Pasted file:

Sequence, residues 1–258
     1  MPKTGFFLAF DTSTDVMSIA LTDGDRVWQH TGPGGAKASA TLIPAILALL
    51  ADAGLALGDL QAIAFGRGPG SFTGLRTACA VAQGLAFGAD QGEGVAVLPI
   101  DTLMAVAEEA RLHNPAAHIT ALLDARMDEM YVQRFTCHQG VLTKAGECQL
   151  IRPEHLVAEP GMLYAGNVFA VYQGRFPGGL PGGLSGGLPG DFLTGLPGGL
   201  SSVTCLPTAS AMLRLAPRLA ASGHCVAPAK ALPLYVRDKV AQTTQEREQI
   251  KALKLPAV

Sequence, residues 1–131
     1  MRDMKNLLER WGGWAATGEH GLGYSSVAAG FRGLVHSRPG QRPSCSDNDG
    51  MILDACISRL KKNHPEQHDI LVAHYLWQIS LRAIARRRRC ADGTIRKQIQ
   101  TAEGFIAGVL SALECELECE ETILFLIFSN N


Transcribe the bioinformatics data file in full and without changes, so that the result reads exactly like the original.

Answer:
Sequence, residues 1–258
     1  MPKTGFFLAF DTSTDVMSIA LTDGDRVWQH TGPGGAKASA TLIPAILALL
    51  ADAGLALGDL QAIAFGRGPG SFTGLRTACA VAQGLAFGAD QGEGVAVLPI
   101  DTLMAVAEEA RLHNPAAHIT ALLDARMDEM YVQRFTCHQG VLTKAGECQL
   151  IRPEHLVAEP GMLYAGNVFA VYQGRFPGGL PGGLSGGLPG DFLTGLPGGL
   201  SSVTCLPTAS AMLRLAPRLA ASGHCVAPAK ALPLYVRDKV AQTTQEREQI
   251  KALKLPAV

Sequence, residues 1–131
     1  MRDMKNLLER WGGWAATGEH GLGYSSVAAG FRGLVHSRPG QRPSCSDNDG
    51  MILDACISRL KKNHPEQHDI LVAHYLWQIS LRAIARRRRC ADGTIRKQIQ
   101  TAEGFIAGVL SALECELECE ETILFLIFSN N